De-Clutter Fast – a review

February 2, 2010


If you’d like to do more than just declutter, such as make a lifestyle change, understand why you have so much stuff or better understand how emotions are affected by clutter, check out Mimi Tanner’s e-book, DeClutter Fast: How To Get Your Home In Order Almost Immediately. Mimi wrote this e-book based on her own personal lifelong interest in De-cluttering.

Mimi teaches you…
• Her “ONE-DAY DeClutter Fast Method”
• Emergency Decluttering – (read: unexpected guests?)
• How Does Your Home Affect the Ones You Love?
• How to Declutter When You Don’t Know Where To Start
• The Tough-Love Truth About Order vs. Clutter

It’s one of the most sensitively written books I’ve read on a topic that alot of us struggle with. You can really tell that Mimi uses her journey from “pack rat to organized” to help others who struggle with clutter and related issues.

To find out more about De-Clutter Fast, click here

How to Declutter an Entire Room in One Go

February 2, 2010

By Leo Babauta, Zen Habits

My family is moving to another house this coming weekend, and to prepare for the move, we’re going through the entire house and getting rid of stuff we don’t need.

The new house has much less storage, which I’ve decided is a blessing: it means we have to cut things down to the essentials. I’m pretty good at keeping things simple, but things tend to accumulate over time (especially in the kids’ rooms!).

Moving day, btw, is a wonderful time to declutter. I often advocate decluttering in small steps, but sometimes it can be fun to do an entire room at once.

So here’s the method we’re using to declutter each room, one room at a time:

1. Clear a working space, probably in the middle. We’re using our beds in the bedrooms.

2. Start on one side of the room and work to the other.

3. Do one drawer or shelf or spot on the floor at a time.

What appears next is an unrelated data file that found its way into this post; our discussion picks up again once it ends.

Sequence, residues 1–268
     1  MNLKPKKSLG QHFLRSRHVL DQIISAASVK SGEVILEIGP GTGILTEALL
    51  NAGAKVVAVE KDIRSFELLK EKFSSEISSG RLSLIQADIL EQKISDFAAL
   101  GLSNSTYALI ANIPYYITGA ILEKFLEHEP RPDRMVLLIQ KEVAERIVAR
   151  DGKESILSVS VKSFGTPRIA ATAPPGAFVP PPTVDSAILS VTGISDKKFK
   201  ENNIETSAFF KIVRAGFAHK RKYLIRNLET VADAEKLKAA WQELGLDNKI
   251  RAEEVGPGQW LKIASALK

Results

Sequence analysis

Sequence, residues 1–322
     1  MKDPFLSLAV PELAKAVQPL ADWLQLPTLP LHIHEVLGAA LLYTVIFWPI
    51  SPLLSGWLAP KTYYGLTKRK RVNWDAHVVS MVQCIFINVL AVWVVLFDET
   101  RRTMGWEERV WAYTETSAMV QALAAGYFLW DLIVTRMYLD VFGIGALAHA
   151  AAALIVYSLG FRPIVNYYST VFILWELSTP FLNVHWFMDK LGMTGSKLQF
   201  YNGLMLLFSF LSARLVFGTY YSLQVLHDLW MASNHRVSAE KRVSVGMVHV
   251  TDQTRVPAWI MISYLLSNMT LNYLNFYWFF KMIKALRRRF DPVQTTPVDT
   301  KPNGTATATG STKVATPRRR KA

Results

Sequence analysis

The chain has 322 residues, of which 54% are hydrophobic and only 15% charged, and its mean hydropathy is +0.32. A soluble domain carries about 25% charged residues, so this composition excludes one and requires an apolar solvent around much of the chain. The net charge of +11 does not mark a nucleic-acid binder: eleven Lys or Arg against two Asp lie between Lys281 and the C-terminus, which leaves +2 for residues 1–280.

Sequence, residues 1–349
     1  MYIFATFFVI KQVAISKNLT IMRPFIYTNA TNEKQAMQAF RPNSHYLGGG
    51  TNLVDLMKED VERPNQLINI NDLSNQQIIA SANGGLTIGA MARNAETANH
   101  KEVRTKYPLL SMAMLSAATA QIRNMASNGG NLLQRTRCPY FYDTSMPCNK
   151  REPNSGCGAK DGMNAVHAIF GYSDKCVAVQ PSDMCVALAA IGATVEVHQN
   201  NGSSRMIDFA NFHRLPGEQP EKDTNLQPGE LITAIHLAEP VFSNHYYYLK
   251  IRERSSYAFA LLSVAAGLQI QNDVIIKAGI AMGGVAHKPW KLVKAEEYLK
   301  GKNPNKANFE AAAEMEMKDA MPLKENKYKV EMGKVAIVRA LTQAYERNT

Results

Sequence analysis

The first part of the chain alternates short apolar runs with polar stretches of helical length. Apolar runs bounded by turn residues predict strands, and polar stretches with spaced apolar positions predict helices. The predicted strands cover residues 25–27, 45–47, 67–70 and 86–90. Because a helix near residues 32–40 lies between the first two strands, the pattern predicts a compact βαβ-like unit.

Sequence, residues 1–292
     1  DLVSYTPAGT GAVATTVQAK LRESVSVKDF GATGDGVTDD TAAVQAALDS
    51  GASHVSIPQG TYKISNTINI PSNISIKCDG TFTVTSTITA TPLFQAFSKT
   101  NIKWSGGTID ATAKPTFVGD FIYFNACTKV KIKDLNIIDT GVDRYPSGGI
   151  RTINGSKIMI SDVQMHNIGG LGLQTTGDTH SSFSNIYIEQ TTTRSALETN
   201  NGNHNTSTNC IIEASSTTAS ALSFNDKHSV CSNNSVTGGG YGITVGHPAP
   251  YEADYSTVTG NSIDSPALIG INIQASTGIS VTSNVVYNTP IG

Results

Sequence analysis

4. Pull everything out of the drawer or shelf (or section of floor or what have you), and pile it in the working space. Clean out the drawer or shelf.

5. Sort the pile into two piles: 1) what you use regularly and love, and 2) what you’re going to get rid of. Pick up one item at a time and make an instant decision — when was the last time you used this? If you haven’t used it in a few months (6 months at the longest), get rid of it. This excludes seasonal stuff like winter jackets or what have you.

6. When you’ve sorted through the pile, put back the stuff you love and use, neatly. Put the other pile into a box to be donated or recycled or given to friends and family.

7. Move on to the next drawer or shelf or section of floor. Repeat the process until you’ve worked your way across the entire room. Do the same thing with closets: one section at a time.

Working like this, we were able to do each room in a couple hours. If it’s really cluttered, it could take 3-5 hours. Set aside some time on the weekend to do a room.

It feels amazing when you’re done.

Now sit back and enjoy the simplicity.

5 effective de-cluttering tips

February 2, 2010

Getting rid of clutter can be an arduous task but just with a few simple tips and tricks, it can be made incredibly simple. Here are 5 effective decluttering tips to help you straighten out your homes

1. Have an organized person help you go through your stuff Having a trusted friend who is more organized help you de clutter is extremely valuable. They don’t have the same emotional attachment to your stuff that you do.

2. Create a de-clutter planner Plan out when you are going to de-clutter, how often, what rooms and tick it off as you go. You will feel a tremendous sense of achievement as you accomplish the tasks on your list. Put the list in a prominent place where you can’t ignore it.

3. Whenever you’re making a coffee, tidy the a room quickly….if the kitchen is tidy, have a quick whizz round another room. You’ll be amazed by what you can achieve in 3 minutes.

4. Reward yourself when a task is done When having a task to do, have the goal of being able to do something nice at the end of it. Maybe put your feet up with a coffee or watch your favourite show on dvd or go out somewhere nice.

5. Make it enjoyable Put your favourite song on in the background or whatever you like to make it a less arduous task

Zen Mind: How to Declutter

February 2, 2010